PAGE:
Guest Suzanne Amaducci Adams, Partner and Head of Real Estate at Bilzin Sumberg

On Behalf of | Dec 14, 2021 | Podcasts

Welcome to another episode of First off, let’s kill all the lawyers. I’m David Heffernan and I’ve been practicing personal injury law here in Miami for nearly three decades. The goal behind this show is simply to bring in other lawyers from South Florida and other areas, in different areas of practices of law, get to know them a little bit, talk to them a little bit, find out about their practice. By the end of the podcast, maybe one by one, we can sort of remove them from the kill list. This one should be relatively easy. My guest this morning is Suzanne Amaducci Adams  – good friend, phenomenal lawyer, fellow Orange Bowl member and board of directors. So, we’ve got a lot to talk about. This is going to be an easy show, because your type of law is something I know very little about. First off, how are you?

I’m doing great. Thanks, Dave. Good morning.

Good morning. All right. So let’s talk about let’s go way back for a little bit. What is it that drove you to practice of law?

Well, I was torn between business school and law school didn’t know what I wanted to do. Actually, originally, I wanted to go into the hotel business. Okay. I was told as a woman at the time, I mean, I’m pretty old. I was told as a woman at the time, there really weren’t many opportunities there. And the highest rank that I would achieve would be executive housekeeper. Now, if you know me, I am not a good housekeeper and that didn’t seem like the best path career path for me. So, I ended up going to law school. So how do you wind up at Vanderbilt? Fine school.

You know, it was one of those things I was between going to school in Boston, a bunch of friends had gone to Vanderbilt, it was kind of an unknown school. Now. It’s the greatest you know, it’s probably one of the hardest schools to get into. But it was unknown and I flew down I saw the campus and I decided let’s try something new. Let’s try the South. I knew nothing about the south at the time. Nashville certainly was not what it was like today.

Right? Well, yeah, Nashville has changed quite a bit great, great city.

Great City. But let me tell you, it was nothing like that. It was a nice, you know, it was it was a suburban campus yet right next to downtown. Incredible southern influence. And it was a good time I learned a whole bunch about a different part of the country that I didn’t know about

Then we drive you further south geographically. But as I like to describe Miami, I think Miami is almost a northern city that’s just located southern geographically.

I was slowly moving my way south to the warm weather. I hated the winters. And I was always a big boater, so I needed to be near the water.

Gotcha. All right. So, we get you down here you go to the University of Miami law school. And then your career path seems to take you where you had desires before. You’re still sort of in the hotel industry to some degree, but a little different in you’re not a housekeeper you’re doing $6 billion deals and things like that. So

billion, maybe a little bit,

you know, was $6 billion deal. So, let’s talk about your practice and how this sort of evolved into what you’ve done.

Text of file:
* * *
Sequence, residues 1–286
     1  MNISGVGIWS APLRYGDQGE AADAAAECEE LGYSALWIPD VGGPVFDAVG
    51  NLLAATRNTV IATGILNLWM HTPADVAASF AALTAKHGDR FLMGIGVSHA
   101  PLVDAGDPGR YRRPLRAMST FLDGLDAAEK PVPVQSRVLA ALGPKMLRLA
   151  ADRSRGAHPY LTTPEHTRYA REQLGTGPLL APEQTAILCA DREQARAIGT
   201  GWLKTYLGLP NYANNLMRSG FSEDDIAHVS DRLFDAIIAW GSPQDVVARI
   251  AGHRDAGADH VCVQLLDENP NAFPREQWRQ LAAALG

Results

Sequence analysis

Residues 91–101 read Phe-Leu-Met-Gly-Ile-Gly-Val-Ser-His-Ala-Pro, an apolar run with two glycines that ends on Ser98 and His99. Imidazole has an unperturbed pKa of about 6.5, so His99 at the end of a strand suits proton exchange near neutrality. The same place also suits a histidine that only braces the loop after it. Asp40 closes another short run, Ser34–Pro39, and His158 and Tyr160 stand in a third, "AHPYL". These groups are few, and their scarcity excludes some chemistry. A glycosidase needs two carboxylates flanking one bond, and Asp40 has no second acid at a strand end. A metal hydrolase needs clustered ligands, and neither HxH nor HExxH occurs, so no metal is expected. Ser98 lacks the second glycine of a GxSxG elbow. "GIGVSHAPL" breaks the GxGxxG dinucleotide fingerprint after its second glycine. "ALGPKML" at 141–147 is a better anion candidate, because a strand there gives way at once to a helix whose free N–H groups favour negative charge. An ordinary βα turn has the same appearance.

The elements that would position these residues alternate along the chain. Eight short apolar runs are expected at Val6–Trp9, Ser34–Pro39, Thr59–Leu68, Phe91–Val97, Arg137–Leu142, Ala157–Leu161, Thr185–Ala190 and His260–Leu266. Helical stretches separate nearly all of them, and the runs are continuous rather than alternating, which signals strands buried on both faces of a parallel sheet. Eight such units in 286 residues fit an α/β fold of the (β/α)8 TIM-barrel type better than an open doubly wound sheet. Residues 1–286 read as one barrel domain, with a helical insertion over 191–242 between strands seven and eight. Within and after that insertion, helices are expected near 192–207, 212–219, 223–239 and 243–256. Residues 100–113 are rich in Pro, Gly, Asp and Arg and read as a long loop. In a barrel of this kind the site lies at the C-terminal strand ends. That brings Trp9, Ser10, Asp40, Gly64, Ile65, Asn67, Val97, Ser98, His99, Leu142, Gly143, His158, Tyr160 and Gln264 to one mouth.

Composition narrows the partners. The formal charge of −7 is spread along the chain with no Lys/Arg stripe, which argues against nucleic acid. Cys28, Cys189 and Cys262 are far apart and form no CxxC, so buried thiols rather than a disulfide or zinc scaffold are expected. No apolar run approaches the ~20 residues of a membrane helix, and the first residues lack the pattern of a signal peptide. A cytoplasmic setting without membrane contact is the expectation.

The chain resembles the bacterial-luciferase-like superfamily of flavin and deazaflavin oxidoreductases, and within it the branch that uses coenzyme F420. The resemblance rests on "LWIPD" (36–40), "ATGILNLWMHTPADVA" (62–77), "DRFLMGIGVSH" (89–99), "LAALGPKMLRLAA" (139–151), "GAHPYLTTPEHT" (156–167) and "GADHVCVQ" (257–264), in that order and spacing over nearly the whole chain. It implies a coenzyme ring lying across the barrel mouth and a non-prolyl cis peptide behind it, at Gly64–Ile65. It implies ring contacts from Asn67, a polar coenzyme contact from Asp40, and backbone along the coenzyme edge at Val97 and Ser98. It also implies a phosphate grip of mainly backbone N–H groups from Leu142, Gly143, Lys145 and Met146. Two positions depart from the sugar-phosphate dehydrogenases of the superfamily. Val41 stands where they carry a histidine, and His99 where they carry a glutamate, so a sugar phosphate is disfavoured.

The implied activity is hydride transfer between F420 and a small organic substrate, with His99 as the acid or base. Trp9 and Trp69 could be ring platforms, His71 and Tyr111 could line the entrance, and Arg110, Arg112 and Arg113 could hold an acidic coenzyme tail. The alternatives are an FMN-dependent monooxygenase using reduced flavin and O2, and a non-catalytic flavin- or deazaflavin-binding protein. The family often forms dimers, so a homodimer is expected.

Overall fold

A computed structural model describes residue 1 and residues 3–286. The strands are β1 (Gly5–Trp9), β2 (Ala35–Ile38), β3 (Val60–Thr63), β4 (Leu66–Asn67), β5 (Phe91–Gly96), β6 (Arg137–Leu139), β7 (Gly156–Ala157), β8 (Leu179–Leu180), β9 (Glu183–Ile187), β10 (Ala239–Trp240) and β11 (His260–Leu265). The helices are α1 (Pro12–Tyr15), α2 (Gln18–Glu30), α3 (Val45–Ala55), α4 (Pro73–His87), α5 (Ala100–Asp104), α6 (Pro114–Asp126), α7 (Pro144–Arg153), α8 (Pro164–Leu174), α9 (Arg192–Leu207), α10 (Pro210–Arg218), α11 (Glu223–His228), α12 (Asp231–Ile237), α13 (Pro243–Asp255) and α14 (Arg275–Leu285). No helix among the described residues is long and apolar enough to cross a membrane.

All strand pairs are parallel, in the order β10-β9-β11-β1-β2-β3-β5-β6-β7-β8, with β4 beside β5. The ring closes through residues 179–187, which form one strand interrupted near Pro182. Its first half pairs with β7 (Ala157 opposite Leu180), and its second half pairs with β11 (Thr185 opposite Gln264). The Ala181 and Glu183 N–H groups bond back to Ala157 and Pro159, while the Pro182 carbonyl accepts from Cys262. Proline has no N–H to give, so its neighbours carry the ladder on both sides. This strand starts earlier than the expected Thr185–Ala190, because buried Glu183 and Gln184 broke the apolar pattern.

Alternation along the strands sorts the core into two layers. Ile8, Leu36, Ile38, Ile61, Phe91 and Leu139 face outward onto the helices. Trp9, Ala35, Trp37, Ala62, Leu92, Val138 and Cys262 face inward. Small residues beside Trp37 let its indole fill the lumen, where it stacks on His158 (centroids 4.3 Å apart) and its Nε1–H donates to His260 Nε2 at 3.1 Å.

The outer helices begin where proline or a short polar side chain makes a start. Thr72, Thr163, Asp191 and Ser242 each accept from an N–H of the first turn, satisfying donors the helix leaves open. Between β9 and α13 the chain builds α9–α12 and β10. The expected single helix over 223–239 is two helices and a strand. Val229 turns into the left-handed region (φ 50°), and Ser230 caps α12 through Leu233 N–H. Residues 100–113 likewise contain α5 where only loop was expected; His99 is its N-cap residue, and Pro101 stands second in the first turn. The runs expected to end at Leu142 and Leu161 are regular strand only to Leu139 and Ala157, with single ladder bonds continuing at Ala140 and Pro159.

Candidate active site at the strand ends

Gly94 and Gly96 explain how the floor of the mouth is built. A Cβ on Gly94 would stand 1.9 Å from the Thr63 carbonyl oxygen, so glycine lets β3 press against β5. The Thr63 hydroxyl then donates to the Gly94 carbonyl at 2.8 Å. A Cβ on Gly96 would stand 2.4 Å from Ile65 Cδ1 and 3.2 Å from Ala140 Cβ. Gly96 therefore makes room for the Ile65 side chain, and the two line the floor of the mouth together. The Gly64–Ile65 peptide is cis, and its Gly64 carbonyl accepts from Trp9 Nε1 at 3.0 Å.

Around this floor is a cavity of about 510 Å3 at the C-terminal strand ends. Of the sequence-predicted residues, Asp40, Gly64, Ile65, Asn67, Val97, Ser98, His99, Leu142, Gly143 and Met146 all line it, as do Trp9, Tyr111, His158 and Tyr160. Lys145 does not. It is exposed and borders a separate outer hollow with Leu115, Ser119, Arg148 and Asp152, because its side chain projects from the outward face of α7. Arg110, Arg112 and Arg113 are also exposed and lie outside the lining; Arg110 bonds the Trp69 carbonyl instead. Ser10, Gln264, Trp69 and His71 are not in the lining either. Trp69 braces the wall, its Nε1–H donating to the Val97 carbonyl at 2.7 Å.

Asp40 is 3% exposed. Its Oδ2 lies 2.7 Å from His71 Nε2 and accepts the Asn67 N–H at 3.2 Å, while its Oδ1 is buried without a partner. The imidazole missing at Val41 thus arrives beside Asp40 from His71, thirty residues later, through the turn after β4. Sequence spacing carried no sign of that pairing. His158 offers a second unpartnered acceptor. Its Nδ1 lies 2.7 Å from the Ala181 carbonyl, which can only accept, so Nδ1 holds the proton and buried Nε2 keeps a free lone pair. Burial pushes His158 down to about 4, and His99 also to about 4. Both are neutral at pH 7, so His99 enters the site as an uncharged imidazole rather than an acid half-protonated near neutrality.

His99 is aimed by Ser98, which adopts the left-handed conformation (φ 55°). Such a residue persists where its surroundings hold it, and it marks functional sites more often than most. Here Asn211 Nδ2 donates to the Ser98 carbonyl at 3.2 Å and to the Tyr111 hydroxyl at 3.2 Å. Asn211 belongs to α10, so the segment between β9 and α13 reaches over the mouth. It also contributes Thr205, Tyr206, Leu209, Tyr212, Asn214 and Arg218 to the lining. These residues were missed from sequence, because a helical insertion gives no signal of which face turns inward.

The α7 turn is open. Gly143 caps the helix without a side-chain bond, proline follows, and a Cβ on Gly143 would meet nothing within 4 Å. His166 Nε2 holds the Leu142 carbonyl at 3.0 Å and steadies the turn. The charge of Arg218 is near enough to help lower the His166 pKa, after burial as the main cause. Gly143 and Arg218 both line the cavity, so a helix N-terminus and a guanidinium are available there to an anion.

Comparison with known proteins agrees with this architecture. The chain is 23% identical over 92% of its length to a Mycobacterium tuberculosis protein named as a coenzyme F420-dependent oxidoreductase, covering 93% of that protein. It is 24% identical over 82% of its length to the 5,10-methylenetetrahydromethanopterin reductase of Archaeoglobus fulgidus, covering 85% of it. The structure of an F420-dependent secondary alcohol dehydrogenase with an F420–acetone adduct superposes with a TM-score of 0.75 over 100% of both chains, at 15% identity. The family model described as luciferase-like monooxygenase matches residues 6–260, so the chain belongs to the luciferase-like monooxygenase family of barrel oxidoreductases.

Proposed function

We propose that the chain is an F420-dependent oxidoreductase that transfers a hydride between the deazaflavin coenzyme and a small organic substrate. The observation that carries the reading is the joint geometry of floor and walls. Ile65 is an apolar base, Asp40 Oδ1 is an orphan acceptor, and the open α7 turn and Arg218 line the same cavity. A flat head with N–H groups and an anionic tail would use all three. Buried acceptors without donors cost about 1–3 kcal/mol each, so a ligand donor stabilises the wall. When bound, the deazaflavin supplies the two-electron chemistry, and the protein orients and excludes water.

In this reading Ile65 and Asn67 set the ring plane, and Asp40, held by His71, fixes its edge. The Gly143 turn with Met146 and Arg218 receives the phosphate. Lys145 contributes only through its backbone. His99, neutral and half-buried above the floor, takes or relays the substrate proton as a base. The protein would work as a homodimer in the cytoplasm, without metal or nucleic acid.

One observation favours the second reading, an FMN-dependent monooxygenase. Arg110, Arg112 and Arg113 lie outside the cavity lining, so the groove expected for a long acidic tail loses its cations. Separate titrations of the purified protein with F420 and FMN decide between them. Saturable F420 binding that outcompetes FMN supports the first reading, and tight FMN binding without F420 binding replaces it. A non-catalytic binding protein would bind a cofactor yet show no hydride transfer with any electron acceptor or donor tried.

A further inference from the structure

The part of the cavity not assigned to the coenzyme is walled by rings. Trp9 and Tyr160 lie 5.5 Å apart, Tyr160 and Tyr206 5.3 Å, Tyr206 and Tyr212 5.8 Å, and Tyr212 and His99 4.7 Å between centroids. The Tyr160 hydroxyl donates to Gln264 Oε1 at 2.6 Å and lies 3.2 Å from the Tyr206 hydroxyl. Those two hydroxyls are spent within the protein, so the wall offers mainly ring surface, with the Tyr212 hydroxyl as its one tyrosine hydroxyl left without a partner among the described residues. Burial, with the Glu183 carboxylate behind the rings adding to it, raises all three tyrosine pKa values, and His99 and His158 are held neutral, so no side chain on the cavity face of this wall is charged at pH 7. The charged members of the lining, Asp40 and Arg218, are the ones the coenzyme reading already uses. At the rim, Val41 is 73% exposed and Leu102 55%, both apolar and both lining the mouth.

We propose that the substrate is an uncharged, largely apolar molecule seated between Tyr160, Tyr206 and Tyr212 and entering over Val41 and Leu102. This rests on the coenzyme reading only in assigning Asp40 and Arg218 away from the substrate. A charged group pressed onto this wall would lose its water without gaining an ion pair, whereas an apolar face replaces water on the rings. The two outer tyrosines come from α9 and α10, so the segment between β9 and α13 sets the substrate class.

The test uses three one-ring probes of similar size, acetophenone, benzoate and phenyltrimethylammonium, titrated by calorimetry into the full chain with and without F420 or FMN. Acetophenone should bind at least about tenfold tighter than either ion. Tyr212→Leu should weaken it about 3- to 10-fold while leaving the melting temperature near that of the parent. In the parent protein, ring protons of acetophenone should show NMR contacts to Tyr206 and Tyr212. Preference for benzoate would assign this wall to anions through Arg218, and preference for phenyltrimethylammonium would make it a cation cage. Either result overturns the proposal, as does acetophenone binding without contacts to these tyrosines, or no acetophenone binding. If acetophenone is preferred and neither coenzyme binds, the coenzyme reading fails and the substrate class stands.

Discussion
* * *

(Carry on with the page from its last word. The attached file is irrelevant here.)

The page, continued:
My passion is really development, and the hotel and Marina business. I worked in hotels as a kid, I love the business. It was great. I’m a big boater. So that’s another asset I just happen to know a lot about and the best attorneys are the attorneys that understand their client’s business, right so it healthcare doctors, you need to understand insurance, all sorts of stuff with real estate, you got to understand the way the way the building fits together. But then with these operating businesses like hotels and marinas, you have to understand the business, you have to understand where the money comes from, you have to understand, you know, the expenses, how to mitigate expenses, like I can walk in a marina and I can I can understand the condition of it, I can understand pretty much the revenue from looking at the type of boats that are there, which boats are there. And all the different businesses that are Marina, you’ve got fuel, you’ve got repair facilities, you’ve got restaurants, you’ve got bars, it’s a big business. So, it’s a good mix between business and law. All right.

We’re going to delve into that a little bit. Now just as a personal question, how in South Florida Do we not have more marinas more waterfront restaurants? I mean, we have we have such beautiful venue and there just seems to be a shortage of all of them. You got a Fort Lauderdale seems to be a ton more marinas. You know, you’ve got restaurants and down here just not many.

Well, there are a lot of marinas, okay. The boating activity has exploded exponentially, especially during COVID. So, there’s just there’s just a shortage. Now as far as the waterfront restaurants are concerned, what’s our most expensive real estate waterfront? It’s really hard to make a go of it if you’re a restaurant operator, and your rent is incredibly high because you’re on the water. So there are a few, right? It’s a very expensive endeavor.

Because my whole path was to start the next restaurant on the water. So what like

everyone wants to own a bar? Everyone wants to own a bar. It’s a really bad idea. No, I know. And then everyone who doesn’t have a boat wants to own a marina because they want all their friends to comment. It’s like every other business, it’s a difficult business, you really need to know what you’re doing.

I want to focus on your firm a little bit because you are the partner and the head of the real estate division. I know a lot of lawyers over there. Just a very, I think, unique firm in that. It’s a big firm, but you’re Miami based, but you’re an international practice.